History would answer her call with PFLAG chapters in all fifty states with over 350 chapters and more than 200,000 members, in addition to many international chapters. 
Mom passed away in January of 2013 and a memorial was held at the New York Metropolitan Church where the first PFLAG meetings we we held. 

Councilman Daniel Drumm read into the NY City Council record: “Jeanne and Morty once fought from the balcony of this Council Chambers for the passage of the gay rights bill in the NYC Council. Today she was remembered by that same body as the gay rights pioneer that she was. Times change!"

Tuesday, October 22, 2013

The PFLAGXpress continues its journey...

From San Francisco to Washington DC...

Monday, October 21st
The #PFLAGXpress is closing in on Chicago! At Otummwa, Iowa. Experienced one sour look in response to PFLAG at breakfast, though no open confrontation.

The #PFLAGxpress is now in Central Illinois! We're coming up to Chicago soon and then just one more day until Washington, DC for the PFLAG National Conference!

Monday, October 22nd
The #PFLAGxpress is in America's heartland! We made it to Chicago and here we are at Union Station. We're 2,130 away from our home back in San Francisco (so far) and each mile traveled has been beautiful. 

We've spoken to some great people and we still have another day's trek to go until Washington, DC! America: we salute you.

We can't wait to hear about the conversations you had as you made your way across the country to join us in DC for the National Convention. #1Voice13!

Sunday, October 20, 2013

The PFLAGXpress: Lori, Day One

At  9:10 ,on a crisp autumn morning, I boarded an Amtrak train that pulled
out of Emery ville train station for point east. It was to be a three day trip across the heartland of America.  As a longtime San Francisco Bay Area resident many of the stations on this first day of the trip were familiar to me as convenient stops on way to a weekend of skiing, hiking or for trying my luck at a roulette wheel. However that was before my time as an
active PFLAG member and today's journey would be viewed through a different prism. In fact one might even call it a social experiment. The question was, how would people react to two “out” PFLAGers and where would that
interaction go?

As a conversation starter we wore our PFLAG buttons prominently and it worked like a charm. Our first encounter was at lunch when we sat down with
a father who was traveling with his 13 year old son.  “Oh,” he said pleasantly when we answered his query about our buttons. We stuck out. To our surprise, both Brandon and I balked at any further discussion about what PFLAG was about. Later we agreed that the boy's presence made us hesitant about launching into our elevator speech. Lesson learned: even PFLAGer's have to fight the ingrained societal message that parents have the right to control what their children should know about sexual

Our second encounter was better, but the lady we spoke to said no more than
a “good for you” when we explained that we were going to a PFLAG convention. Undeterred, we pressed on and by dinner time we had settled into the routine of train travel and  we hit our stride. In the dining car, our companions were two gentlemen one of whom was politely interested but the second man turned out to be a kindred spirit. He was from Pittsburgh, dating a bisexual woman and had a trans niece to boot.

By night fall we reached Winnemucca and we knew that by morning we would be way outside the Bay Area Bubble. I wonder what we'll encounter tomorrow?

The PFLAGXpress: Brandon, Day One

Our train has an observation car with a curved glass ceiling and seating arrangements with comfortable chairs. Windows cover almost every surface and the seating is angled towards other passengers which naturally encourages conversation during our very long journey.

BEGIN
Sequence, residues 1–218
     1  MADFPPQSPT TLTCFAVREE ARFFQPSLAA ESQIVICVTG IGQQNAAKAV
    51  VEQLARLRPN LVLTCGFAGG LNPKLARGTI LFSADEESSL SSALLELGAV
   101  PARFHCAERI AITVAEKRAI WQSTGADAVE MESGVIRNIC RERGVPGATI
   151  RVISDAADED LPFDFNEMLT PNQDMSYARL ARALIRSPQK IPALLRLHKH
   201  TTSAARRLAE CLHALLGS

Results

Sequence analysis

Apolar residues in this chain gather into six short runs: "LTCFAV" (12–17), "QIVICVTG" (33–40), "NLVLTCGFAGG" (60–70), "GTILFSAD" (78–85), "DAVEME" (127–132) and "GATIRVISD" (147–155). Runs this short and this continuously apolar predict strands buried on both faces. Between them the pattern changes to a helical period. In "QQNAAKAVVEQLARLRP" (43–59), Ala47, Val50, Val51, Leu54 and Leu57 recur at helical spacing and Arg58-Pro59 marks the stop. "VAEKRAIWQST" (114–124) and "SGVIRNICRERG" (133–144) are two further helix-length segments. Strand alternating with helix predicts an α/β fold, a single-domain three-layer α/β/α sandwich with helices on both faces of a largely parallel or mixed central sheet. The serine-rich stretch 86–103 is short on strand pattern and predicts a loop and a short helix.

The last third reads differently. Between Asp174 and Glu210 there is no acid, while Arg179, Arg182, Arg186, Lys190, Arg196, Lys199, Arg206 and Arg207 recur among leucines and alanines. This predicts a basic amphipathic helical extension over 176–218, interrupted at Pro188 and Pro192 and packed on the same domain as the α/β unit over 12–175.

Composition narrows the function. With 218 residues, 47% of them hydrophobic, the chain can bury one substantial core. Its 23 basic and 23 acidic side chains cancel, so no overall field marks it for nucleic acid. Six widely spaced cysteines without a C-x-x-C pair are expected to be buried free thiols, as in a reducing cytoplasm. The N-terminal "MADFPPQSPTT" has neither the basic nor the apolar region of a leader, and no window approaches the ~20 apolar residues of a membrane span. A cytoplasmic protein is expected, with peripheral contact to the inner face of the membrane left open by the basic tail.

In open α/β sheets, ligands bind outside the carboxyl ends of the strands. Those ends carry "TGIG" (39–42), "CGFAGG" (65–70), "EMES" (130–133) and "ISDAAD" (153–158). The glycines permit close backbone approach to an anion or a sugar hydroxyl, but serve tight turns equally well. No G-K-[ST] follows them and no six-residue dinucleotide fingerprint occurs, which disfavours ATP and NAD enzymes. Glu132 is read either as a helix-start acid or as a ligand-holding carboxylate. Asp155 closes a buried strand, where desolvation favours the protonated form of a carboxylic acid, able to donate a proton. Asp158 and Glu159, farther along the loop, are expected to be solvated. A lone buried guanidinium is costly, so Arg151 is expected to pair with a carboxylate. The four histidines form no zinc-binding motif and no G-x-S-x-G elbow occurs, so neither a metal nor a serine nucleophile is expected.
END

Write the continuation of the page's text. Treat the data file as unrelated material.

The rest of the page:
And it's a long journey indeed.

We could have chosen to squeeze our 2,800 mile trek into a quick five hour plane ride on one of the many jumbo jets zipping in the air. We would have been crowded into the cramped seats and pretended to sleep through the bad movie. We'd quickly forget the guy who typed away at his spreadsheet to our left or the snoring lady in the next row since we'd probably never see either again. In as much time as it takes to roast a turkey, we'd arrive in Washington, DC for the PFLAG National Conference with time to spare for dinner.

Not us. Instead of a a flight at 550mph and 30,000 feet up, our stainless steel train car will slowly traverse eleven states and four time zones over the next three and a half days. It's very easy to romanticize a long train trip; all the old black and white movies took place on board trains, your fork and knife in the dining car are metal instead of plastic, and you get to wear kitschy train hats and no one bats an eye.

Additionally, the jarringly slower pace of life on a train allows for conversation between strangers. Our little enclosed train creates its own temporary world with about one hundred roommates crammed together along the five cars. For the next three days, everyone we'll speak to is being pulled by the same diesel engine ahead of us and we'll all dine with each other in the dining car.

During our normal lives off the rails, we all have the opportunity to interact with new people and strike up conversations but we often convince ourselves that we "don't have enough time" to open up and chat, even though we probably do. Stuck together in this long, multi day journey, our fellow train passengers are suddenly potential friends, even if for only a handful of days. The train is now our community and we all have the time to enjoy the ride and each others' company. Save for the breath-taking views, there are virtually no distractions. We all rely on the original entertainment: conversation.

This special use of time is why the PFLAG Express is slowly crawling across America; if there's anything that PFLAGers know well, it's how to talk to new people.

PFLAG encourages others to open up and share with strangers all the time and most PFLAGers have experienced this in a support meeting. We meet to hear peoples' stories, their triumphs and occasionally their sorrows. We build community with every interaction.